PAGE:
“It is a truth universally acknowledged that a developer in possession of a good software product must be in want of a tester.”
Last week I was re-reading one of the best books ever written, “Pride and Prejudice” by Jane Austen, when a crazy idea came to mind: the relationship between a developer and a tester is quite similar to the one described by Austen in her novel.
For those who haven’t had the good fortune of reading this wonderful novel yet (I strongly encourage you to do so as soon as possible), here is a brief summary: Elizabeth Bennett is a witty and independent young woman. Mr. Darcy is a rich gentleman. Her early determination to dislike him is a prejudice only matched by the folly of his arrogant pride. But their first impressions and misunderstandings give way to true feelings.
So, how can we relate these aspects? Let me explain it with an example of my own experience.
Last year my test team, let’s call it Miss Tester, had to test an application developed by a group of programmers led by a functional analyst, let’s call them Mr. Developer. This application was very, very important for the client (it was for billing management) and the development team had worked hard on it and had done its own tests in a very thorough way. However, the client insisted on having it tested by Miss Tester, and this decision was not well received by Mr. Developer, who considered it unnecessary since he was very proud of his product, just like the proud Mr. Darcy. Miss Tester, on the contrary, based on previous experiences with other applications, considered it completely indispensable. She was a little predisposed to prejudices, just like Miss Bennett was.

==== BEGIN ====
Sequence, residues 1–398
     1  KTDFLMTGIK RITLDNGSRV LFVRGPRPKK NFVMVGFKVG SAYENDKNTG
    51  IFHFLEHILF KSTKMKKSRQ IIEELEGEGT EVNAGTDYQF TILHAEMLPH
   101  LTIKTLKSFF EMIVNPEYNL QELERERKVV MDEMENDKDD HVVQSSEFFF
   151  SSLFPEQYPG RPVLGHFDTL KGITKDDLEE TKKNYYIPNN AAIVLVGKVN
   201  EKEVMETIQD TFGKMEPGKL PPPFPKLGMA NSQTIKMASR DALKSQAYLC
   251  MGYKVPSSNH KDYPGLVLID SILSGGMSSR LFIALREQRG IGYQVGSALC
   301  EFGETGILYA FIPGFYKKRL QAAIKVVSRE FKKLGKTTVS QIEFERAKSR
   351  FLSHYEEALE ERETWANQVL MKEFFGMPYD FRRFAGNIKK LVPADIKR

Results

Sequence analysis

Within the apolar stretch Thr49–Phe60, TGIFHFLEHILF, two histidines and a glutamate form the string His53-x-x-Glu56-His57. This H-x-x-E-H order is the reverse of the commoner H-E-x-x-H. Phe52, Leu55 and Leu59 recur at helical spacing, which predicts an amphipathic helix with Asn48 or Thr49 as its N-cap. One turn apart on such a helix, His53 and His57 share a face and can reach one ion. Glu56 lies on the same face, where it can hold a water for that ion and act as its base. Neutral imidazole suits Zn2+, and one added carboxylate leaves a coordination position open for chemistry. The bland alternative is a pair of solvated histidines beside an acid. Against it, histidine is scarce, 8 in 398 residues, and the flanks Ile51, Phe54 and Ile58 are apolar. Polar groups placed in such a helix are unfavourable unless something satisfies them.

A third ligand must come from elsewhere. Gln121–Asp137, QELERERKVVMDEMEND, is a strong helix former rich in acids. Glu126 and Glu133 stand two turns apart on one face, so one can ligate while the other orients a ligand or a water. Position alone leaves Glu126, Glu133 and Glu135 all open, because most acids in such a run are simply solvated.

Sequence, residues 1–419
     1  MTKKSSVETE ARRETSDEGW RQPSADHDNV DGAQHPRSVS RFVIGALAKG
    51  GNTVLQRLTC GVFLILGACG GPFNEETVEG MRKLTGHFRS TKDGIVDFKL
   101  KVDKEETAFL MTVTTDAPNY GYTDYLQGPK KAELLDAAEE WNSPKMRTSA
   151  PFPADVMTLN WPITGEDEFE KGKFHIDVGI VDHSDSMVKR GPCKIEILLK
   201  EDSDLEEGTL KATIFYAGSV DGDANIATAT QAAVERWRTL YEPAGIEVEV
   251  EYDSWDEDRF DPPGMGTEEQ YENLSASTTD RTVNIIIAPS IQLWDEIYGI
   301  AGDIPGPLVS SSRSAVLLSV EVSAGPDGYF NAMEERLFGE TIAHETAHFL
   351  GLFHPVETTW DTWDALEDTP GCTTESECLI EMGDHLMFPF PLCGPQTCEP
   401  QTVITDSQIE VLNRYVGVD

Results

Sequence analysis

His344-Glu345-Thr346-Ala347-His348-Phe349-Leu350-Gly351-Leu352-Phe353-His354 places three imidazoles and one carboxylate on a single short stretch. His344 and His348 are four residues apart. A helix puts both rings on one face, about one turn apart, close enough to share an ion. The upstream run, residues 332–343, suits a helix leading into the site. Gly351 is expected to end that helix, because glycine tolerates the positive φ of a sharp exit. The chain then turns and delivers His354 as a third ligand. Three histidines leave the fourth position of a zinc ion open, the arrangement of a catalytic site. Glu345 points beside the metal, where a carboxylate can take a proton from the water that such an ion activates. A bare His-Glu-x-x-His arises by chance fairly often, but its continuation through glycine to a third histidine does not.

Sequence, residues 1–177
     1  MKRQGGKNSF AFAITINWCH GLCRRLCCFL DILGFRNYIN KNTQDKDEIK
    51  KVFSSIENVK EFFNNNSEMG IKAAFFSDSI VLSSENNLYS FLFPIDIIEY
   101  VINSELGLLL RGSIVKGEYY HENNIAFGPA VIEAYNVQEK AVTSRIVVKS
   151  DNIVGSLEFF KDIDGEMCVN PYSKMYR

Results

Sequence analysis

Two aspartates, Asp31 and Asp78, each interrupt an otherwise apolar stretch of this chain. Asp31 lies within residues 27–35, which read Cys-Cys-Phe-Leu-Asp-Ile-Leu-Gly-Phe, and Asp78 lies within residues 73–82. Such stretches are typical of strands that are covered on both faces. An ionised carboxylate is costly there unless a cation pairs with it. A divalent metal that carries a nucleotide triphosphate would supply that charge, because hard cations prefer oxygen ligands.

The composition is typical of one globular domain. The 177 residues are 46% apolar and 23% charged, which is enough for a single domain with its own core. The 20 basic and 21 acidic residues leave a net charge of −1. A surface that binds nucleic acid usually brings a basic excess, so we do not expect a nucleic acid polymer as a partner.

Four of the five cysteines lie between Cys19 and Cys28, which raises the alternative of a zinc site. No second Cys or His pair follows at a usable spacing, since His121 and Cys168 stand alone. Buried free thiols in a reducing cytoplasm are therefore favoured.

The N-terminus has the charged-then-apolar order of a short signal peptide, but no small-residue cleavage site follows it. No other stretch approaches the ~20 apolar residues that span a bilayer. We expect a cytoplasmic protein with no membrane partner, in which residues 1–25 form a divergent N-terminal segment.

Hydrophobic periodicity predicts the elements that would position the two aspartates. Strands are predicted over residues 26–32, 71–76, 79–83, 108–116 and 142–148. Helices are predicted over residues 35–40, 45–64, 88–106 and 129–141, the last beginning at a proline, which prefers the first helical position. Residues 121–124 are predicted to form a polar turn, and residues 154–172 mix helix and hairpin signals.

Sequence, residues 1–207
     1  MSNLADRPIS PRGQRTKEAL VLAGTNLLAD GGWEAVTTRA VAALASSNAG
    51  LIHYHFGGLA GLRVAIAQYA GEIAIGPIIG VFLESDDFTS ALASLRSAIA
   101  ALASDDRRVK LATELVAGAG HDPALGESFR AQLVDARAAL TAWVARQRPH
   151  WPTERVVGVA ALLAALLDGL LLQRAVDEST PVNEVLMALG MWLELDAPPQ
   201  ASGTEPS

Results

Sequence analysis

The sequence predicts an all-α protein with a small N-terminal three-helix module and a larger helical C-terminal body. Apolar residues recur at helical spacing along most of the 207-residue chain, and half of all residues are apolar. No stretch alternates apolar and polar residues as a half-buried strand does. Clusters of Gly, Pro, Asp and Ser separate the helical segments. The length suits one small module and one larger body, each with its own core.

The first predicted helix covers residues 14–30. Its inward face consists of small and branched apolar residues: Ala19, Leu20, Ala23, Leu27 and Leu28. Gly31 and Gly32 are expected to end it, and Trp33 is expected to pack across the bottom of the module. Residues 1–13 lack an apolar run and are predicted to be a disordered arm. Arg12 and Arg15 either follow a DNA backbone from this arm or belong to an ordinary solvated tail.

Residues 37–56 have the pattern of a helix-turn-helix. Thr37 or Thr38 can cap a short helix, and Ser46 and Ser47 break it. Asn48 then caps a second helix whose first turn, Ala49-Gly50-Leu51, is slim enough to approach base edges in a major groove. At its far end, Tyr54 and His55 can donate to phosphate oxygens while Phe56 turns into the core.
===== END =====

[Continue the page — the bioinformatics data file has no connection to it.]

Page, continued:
Miss Tester had a problem: even though she was very smart and witty, there wasn’t enough documentation for her to understand how the program worked. So, she had to ask Mr. Developer. But she did in a very belligerent way, implying that he may not know the expected behavior of the application. At the beginning he was really haughty and reluctant to help her, which made the relationship between them very difficult. Moreover, every time Miss Tester reported a defect, Mr. Developer’s first reaction was to try to find a way to cancel it, demonstrating it was not a defect but a misunderstanding of the functionality.
The situation came to a breaking point and both of them realized that, in order to succeed, they had to find a way to work together and overcome their pride and their prejudices. So, once Miss Tester discovered that the application didn’t have as many defects as she thought and Mr. Developer understood that the purpose of the test team wasn’t underestimating his work, they could release a good software product to the client, who was really satisfied with it.
In conclusion, the relationship between a developer and a tester is never easy. But, since our goal is the same, we must try to get on well and avoid pride and prejudices.
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